The human body is home to trillions of microorganisms, including bacteria, fungi, and viruses. Together they create ecosystems throughout the body, and are abundant in the gastrointestinal tract. Dr. Holt, along with a distinguished group of 14 researchers from across Canada, The Netherlands, Spain, the USA and UK, have been awarded up to $25 million dollars to determine the role these colonies of microorganisms play and how these roles may relate to cancer risk. At BC Cancer, the main focus of the Holt Lab's work on this project will be to explore new therapeutic strategies which may include new vaccines or antibiotics that would selectively target key organisms within the cancer microbiome.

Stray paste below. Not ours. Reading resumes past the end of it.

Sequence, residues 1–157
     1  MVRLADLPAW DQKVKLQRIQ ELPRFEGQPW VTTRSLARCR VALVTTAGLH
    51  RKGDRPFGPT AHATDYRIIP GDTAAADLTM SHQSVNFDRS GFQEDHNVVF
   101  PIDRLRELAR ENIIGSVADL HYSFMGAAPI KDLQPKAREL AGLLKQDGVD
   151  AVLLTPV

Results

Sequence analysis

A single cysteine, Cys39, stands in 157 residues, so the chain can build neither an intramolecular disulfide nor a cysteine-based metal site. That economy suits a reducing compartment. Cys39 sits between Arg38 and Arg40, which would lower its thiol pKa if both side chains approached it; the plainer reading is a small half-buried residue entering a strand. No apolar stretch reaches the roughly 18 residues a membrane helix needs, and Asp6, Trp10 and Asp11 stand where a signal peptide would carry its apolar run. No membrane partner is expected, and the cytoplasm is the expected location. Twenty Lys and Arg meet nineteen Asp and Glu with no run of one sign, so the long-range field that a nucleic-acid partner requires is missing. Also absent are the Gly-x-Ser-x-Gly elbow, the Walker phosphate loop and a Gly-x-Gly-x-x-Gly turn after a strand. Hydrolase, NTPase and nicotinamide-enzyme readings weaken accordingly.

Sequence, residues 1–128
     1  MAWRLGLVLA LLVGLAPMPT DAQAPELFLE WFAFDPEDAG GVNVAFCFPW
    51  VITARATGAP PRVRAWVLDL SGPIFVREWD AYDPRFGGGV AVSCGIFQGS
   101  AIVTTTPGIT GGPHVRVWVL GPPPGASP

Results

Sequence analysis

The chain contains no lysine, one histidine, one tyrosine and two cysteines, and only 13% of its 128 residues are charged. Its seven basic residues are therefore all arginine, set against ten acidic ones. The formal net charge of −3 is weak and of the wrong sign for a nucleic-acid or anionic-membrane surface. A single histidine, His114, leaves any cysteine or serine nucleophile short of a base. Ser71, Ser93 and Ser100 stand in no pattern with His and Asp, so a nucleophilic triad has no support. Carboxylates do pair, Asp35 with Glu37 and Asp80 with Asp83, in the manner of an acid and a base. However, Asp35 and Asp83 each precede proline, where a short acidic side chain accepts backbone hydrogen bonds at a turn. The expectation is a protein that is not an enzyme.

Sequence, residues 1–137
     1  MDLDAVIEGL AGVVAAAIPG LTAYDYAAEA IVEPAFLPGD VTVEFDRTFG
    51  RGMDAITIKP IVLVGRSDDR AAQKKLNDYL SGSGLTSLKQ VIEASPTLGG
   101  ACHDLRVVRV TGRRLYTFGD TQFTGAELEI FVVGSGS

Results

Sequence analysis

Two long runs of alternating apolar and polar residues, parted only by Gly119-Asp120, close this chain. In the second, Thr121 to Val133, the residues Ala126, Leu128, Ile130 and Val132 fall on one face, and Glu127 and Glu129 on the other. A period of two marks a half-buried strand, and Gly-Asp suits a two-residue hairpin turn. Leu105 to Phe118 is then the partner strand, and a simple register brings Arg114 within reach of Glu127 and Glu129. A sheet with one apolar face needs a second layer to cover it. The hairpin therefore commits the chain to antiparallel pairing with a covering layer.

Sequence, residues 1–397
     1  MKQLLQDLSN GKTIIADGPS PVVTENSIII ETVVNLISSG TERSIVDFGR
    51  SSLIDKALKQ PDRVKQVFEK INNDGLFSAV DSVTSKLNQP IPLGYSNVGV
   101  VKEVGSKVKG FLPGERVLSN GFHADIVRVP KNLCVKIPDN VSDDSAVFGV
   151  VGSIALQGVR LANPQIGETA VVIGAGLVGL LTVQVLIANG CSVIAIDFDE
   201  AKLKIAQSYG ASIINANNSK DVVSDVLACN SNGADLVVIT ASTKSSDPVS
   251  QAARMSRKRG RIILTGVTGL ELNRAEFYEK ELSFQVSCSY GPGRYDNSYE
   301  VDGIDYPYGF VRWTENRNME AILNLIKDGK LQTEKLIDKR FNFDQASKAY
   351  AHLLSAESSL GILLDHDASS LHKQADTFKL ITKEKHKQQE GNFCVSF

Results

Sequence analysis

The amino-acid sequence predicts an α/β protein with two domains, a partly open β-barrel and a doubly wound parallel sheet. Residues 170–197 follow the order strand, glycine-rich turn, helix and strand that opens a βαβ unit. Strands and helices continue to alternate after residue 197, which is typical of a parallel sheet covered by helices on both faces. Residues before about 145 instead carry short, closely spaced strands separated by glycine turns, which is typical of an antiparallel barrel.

Previous work conducted by Dr. Holt and his lab team found an association between a specific type of bacteria and colon cancer, however researchers agree that bacteria and other microorganisms rarely act in isolation. This international research team is conducting a comprehensive study to understand the difference between a healthy microbiome and a microbiome associated with cancer and to find ways of manipulating these ecosystems to better prevent and treat gastrointestinal cancer, and in particular colon cancer.
By the end of the project, the international team of researchers are set to revolutionize our understanding of the role microbiomes play in cancer development, find new ways of preventing colorectal cancer, and define new treatment strategies through manipulating the gut microbiomes.
About Cancer Research UK’s Grand Challenge:
Cancer Research UK's Grand Challenge
is the most ambitious cancer research grant in the world - a series of multi-million dollar awards seeking international, multidisciplinary teams willing to take on the toughest challenges in cancer - providing the freedom to try novel approaches, at scale, in the pursuit of life changing discoveries.